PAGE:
Meanwhile, Margo Seltzer, a professor of computer science at Harvard’s John A. Paulson School of Engineering and Applied Sciences, and her colleagues have come up with methods that can be used to build judicial risk-assessment models that don’t merely spit out a numerical score, but also describe in plain English how the score was reached (for example, it might explain that a defendant was at greater risk of reoffending because his age fell within a certain bracket). “Ultimately, we hope our research will show that we can supplant ‘black boxes’ with algorithms that can also show the users how the answer was produced,” Seltzer says.
Over at the MIT Media Lab, Joy Buolamwini, a PhD student, is working on a similar problem: highlighting the bias in the algorithms that power facial-analysis and -recognition technologies. After noticing that her dark-skinned face was not recognized by such a system, she started calling attention to the fact that a set of pictures used to “train” these technologies used predominantly white, male faces—just the sort of situation that could lead to biases (consider that a face match can be used as a basis for police questioning). Buolamwini is now finishing a paper assessing how accurate these technologies are, and launched the Algorithmic Justice League to provide a place for people to report bias in algorithms.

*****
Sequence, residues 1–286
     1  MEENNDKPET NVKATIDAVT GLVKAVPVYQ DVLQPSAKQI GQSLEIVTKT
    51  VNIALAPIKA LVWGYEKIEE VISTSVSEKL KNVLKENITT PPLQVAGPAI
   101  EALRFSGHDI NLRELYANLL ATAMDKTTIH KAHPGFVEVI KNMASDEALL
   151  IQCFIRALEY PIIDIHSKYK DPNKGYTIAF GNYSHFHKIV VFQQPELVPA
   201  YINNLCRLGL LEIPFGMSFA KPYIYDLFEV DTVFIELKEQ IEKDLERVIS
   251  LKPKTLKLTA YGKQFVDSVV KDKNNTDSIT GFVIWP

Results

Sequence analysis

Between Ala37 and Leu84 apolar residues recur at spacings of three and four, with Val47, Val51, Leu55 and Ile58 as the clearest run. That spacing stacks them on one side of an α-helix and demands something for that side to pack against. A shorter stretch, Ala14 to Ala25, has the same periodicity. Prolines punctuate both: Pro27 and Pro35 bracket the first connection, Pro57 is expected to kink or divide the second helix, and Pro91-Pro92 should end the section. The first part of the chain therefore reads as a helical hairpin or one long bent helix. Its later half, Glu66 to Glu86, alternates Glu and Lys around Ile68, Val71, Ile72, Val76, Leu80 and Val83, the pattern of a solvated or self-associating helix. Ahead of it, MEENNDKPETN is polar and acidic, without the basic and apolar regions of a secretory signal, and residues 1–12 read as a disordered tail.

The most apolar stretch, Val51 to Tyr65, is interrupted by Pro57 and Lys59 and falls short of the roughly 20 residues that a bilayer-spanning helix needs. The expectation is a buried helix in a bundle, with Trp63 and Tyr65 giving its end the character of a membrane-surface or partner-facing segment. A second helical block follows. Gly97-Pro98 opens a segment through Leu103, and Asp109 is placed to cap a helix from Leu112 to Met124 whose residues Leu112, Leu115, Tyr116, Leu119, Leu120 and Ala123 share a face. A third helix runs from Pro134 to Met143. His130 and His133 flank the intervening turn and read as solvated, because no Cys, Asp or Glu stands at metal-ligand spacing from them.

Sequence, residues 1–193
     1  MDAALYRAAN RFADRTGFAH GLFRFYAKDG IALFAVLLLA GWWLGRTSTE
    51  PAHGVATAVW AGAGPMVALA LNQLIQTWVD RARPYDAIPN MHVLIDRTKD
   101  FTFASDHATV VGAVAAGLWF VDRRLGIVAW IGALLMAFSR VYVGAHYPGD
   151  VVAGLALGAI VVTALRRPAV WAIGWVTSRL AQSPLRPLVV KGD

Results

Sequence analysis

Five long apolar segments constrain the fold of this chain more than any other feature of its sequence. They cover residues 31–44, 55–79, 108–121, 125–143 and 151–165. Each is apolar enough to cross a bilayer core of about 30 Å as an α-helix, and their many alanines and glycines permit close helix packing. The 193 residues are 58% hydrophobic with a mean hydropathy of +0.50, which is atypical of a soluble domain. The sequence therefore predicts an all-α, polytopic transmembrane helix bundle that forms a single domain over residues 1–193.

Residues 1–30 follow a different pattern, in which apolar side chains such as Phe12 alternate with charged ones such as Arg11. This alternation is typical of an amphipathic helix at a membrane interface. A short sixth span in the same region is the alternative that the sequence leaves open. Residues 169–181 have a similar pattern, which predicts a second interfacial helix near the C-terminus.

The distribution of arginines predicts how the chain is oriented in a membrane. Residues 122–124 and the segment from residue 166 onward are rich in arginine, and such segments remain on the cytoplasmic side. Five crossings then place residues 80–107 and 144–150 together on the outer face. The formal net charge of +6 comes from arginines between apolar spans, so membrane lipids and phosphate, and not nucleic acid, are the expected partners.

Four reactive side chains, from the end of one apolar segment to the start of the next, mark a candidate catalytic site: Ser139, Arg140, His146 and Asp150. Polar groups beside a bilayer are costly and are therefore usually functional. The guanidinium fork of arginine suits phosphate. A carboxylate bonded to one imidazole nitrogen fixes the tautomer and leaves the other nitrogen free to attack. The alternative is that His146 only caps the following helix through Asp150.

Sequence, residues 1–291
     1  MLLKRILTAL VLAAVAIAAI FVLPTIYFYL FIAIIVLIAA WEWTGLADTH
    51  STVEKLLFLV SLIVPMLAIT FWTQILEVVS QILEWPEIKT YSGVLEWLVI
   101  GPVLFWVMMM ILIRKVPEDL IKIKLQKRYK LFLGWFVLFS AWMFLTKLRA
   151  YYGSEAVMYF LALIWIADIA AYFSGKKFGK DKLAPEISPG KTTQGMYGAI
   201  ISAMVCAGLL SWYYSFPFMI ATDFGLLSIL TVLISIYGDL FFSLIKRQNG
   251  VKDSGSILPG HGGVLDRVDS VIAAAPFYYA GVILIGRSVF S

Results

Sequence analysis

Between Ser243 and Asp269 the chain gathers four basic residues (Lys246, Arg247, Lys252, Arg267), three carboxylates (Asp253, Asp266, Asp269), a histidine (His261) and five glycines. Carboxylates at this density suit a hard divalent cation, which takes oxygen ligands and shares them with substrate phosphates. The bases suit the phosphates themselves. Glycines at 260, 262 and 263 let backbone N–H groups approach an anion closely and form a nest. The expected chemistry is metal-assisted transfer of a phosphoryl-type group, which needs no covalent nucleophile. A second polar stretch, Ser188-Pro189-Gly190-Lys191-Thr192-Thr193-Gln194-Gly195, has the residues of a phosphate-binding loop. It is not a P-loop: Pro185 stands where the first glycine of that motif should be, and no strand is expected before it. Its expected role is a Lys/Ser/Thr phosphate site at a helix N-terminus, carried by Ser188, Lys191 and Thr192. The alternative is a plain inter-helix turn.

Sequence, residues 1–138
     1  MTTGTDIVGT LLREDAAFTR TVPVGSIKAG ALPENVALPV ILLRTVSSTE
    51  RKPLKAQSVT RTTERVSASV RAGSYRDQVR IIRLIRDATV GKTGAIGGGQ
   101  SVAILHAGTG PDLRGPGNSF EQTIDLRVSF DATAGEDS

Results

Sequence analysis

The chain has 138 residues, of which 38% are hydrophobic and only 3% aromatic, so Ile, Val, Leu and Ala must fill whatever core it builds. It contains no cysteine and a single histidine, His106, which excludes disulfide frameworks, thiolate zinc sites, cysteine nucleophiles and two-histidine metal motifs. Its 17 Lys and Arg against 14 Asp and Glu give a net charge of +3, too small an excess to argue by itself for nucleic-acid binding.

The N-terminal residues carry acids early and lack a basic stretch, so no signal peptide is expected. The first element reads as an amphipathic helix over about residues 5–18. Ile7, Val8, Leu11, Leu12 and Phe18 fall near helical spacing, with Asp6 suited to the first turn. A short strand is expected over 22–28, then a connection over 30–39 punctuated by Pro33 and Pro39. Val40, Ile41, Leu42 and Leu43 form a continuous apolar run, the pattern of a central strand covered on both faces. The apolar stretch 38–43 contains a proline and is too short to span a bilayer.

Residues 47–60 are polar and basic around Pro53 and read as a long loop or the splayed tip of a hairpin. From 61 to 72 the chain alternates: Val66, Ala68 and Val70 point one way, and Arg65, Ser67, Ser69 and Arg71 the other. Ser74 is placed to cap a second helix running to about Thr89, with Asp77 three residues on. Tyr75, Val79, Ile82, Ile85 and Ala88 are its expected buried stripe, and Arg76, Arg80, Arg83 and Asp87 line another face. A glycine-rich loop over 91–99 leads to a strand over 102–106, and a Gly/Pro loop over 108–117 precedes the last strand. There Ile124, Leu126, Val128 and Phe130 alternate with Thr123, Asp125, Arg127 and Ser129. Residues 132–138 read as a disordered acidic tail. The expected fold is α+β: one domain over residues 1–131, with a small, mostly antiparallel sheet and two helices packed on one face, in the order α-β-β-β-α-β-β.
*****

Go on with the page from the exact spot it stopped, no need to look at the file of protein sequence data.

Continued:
At a recent luncheon gathering organized by the Berkman Klein Center, MIT Media Lab director Joi Ito echoed what Bavitz told me, explaining that the main problem with some commercial uses of AI technologies is unaccountability and a lack of transparency. “There’s this weird moral hazard where even though you have agency, you are able to push off this responsibility to the machine,” Ito said. “The problem right now is that these algorithms are running on data sets and training systems that are closed. We see this happening in a variety of fields—I think we see it happening in the judiciary, which is a scary place for it to be happening.”
Back in the Center for Civic Media, Bhargava, the Gobo research scientist, recalled a day when his Twitter feed filled with people’s retweets of a photo showing sparse attendance at a speech given by President Donald Trump. The apparent message? Look—this president is unpopular. But the photo was taken before the event even started. Bhargava’s social-media feed had vomited out a misleading view of the world, and a false statement had been massively amplified.